Join Date: Apr 2008
Location: Pittsburgh, PA
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Valves go bad over time. The seals inside the Tire Pressure Monitoring System (TPMS) stems can deteriorate, or if you have the non-TPMS rubber stems, they can develop cracks and leaks from the rubber aging. When tires are replaced, the TPMS valves should be checked and rebuilt if necessary; if the stems are rubber, they should be replaced yearly (especially if you live in an area with winter salt use, that's normal procedure at good tire shops). Cheap insurance against leaks.
And far more likely a source of a leak or two, rather than your beads.
But many shops are not honest, or have poorly-trained staff. Finding anyone to admit to causing a problem would be rare. It sounds suspicious that they claim they had to to work on your beads - they may have caused the problems in the first place, and have wanted to avoid buying you $1000 worth of alloy wheels to make up for their incompetence. Maybe they didn't lube the beads before installing the tires, or did something else wrong.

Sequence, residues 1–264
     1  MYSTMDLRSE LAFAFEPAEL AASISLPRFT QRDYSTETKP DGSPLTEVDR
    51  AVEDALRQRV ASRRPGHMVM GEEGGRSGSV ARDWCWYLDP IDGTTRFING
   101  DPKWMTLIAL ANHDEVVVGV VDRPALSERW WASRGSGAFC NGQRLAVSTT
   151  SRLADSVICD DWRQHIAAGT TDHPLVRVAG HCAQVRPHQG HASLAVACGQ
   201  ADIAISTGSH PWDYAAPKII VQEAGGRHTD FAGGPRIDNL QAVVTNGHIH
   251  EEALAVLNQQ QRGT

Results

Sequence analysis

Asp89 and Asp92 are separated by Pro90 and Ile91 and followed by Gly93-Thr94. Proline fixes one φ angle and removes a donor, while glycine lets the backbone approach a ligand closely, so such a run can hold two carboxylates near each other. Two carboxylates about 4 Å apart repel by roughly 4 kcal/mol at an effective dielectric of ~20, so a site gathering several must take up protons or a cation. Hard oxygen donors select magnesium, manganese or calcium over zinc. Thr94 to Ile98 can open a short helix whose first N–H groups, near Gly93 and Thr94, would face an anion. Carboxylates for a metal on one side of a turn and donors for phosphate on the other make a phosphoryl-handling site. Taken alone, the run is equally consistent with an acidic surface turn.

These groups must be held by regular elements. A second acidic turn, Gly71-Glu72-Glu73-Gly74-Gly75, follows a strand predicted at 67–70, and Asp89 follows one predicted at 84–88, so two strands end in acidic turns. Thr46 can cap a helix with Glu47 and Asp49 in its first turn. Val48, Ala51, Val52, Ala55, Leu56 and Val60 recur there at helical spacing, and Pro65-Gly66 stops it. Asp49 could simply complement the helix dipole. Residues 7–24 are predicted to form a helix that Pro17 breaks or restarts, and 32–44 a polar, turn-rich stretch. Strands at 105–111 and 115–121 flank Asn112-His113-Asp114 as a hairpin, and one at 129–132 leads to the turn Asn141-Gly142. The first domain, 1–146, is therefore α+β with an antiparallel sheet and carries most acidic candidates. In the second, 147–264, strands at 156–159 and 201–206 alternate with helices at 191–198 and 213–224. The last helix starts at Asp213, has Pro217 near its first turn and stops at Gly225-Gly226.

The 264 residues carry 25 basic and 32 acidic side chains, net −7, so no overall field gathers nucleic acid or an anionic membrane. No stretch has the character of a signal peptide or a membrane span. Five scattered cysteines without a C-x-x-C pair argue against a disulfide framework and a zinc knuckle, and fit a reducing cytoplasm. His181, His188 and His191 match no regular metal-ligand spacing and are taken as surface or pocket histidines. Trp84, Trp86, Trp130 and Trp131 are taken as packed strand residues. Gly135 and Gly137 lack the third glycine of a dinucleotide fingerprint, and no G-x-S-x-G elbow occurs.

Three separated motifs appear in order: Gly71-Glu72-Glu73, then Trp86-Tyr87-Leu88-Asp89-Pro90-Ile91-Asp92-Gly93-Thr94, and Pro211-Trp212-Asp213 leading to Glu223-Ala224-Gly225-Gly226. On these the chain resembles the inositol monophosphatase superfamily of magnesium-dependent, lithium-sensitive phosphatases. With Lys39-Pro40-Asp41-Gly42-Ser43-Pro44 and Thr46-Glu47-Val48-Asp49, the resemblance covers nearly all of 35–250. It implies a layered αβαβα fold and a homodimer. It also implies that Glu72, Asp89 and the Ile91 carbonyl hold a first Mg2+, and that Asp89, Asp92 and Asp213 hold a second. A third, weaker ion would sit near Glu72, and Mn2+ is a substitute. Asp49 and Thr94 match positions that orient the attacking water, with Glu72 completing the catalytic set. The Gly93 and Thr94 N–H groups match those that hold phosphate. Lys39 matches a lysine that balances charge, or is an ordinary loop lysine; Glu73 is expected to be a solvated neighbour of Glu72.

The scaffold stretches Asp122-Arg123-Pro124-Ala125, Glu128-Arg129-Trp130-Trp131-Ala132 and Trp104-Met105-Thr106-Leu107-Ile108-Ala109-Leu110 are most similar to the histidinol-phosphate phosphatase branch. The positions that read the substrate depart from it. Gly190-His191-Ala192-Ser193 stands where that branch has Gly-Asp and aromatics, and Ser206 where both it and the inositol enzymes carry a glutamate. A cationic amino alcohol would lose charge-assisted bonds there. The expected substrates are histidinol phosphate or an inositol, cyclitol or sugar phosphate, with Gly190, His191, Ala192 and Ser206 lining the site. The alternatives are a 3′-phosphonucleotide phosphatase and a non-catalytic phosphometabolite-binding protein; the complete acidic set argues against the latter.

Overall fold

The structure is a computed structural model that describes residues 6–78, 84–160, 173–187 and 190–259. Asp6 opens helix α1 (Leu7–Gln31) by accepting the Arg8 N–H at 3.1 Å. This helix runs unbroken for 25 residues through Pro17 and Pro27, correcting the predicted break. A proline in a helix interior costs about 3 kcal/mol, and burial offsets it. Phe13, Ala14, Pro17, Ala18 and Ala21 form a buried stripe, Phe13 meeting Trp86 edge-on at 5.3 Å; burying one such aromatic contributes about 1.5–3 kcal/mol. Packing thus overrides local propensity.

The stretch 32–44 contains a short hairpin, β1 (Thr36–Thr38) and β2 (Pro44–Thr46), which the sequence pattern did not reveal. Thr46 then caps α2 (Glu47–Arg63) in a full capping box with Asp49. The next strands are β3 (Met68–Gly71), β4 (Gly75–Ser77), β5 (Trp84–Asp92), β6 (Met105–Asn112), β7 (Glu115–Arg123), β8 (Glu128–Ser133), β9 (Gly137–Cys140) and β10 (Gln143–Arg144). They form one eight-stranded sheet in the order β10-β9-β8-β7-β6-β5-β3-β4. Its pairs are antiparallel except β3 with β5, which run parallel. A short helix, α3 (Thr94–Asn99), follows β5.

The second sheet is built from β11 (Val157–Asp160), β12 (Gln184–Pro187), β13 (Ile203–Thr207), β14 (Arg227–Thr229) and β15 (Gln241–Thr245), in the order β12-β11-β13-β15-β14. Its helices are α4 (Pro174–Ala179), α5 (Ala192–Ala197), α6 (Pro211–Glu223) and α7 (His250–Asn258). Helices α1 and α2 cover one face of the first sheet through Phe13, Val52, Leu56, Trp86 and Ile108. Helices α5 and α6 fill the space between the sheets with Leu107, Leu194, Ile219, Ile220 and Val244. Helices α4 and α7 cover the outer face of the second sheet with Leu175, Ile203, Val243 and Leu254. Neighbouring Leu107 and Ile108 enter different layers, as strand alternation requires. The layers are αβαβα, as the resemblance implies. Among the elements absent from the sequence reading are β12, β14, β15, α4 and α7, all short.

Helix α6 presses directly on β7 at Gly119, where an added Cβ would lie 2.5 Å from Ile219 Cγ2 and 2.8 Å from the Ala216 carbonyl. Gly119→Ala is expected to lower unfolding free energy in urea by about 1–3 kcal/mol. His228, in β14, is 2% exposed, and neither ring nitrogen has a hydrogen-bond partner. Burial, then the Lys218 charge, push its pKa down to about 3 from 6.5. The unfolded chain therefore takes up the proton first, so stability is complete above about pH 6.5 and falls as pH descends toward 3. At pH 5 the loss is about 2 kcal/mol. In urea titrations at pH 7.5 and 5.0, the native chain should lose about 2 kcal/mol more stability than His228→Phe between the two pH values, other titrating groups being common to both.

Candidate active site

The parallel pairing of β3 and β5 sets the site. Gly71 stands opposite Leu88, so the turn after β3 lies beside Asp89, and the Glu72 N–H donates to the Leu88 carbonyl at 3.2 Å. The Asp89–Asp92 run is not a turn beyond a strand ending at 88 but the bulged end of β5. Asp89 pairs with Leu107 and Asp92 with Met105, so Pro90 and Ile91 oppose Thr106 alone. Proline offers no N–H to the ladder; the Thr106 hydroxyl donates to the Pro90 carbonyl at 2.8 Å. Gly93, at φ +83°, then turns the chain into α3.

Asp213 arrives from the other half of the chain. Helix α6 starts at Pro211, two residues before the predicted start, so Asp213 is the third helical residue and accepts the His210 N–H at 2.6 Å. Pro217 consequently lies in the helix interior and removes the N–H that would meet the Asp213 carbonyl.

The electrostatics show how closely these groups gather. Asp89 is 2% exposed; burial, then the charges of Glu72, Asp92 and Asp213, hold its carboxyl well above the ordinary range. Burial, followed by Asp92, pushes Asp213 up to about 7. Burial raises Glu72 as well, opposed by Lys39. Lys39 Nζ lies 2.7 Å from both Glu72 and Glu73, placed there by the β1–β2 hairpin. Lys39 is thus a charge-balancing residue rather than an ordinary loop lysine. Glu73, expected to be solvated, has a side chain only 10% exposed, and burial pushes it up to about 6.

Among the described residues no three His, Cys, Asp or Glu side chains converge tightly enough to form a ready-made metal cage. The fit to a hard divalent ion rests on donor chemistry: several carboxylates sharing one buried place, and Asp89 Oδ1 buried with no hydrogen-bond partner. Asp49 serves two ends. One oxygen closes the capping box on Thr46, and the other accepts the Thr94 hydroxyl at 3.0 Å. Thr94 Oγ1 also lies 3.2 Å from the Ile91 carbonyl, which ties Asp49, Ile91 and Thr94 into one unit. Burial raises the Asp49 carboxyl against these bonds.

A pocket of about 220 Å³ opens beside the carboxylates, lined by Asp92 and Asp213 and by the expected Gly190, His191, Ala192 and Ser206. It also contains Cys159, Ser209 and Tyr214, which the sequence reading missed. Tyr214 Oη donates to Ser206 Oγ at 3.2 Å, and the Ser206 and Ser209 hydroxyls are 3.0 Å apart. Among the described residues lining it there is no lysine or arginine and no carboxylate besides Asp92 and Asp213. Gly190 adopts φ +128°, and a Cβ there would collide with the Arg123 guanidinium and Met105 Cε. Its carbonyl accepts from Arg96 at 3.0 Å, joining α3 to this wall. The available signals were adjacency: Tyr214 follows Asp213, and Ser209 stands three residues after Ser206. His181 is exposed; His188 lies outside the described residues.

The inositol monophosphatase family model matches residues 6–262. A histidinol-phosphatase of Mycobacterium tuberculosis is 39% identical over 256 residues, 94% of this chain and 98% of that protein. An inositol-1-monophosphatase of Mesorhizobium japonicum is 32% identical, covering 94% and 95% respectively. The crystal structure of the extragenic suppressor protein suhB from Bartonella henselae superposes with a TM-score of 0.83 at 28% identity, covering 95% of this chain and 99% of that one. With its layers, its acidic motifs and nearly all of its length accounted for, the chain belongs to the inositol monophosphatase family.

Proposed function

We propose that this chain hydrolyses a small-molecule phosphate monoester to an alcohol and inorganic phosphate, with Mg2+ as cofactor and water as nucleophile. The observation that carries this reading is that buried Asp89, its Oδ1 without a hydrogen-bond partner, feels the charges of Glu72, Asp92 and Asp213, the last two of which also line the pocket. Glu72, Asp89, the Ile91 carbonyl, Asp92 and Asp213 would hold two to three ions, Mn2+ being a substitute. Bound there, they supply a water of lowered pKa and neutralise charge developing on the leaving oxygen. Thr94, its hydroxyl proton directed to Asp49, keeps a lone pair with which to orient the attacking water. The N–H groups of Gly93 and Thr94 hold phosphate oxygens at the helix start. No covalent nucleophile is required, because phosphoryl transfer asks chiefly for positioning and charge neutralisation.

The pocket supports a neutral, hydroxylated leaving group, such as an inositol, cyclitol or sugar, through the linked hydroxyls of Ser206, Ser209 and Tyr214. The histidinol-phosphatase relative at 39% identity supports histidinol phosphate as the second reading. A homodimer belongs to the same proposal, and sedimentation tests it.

And those tires in your size are listed by Cooper's site as 95V, not 91.
Given the consequences of tire failure, it's best to go to a good shop. Go to the Tire Rack website for their authorized installers in your area. Or see who uses the expensive quality mounting and balancing systems (Hunter Road Force Balancer) - the Hunter website will tell you who is near you. The Tire Rack installers have that system.
While you're at it, get a quality tire gauge, and don't trust ANY inflater's gauge at the gas station. One night, inflate the tires about 5 psi higher than normal, right before you get home. Then measure the pressure in the morning, before you pull the car out of the garage, and bleed off enough pressure to get to the recommended 32 psi. It'll get higher as you drive and the tires warm up. Check the pressure the same time every other day, in the AM, and see if there are changes.
2008 Mazda6 5-door i-Touring (Volcanic Red)
Last edited by JML; 12-27-2010 at 03:23 PM.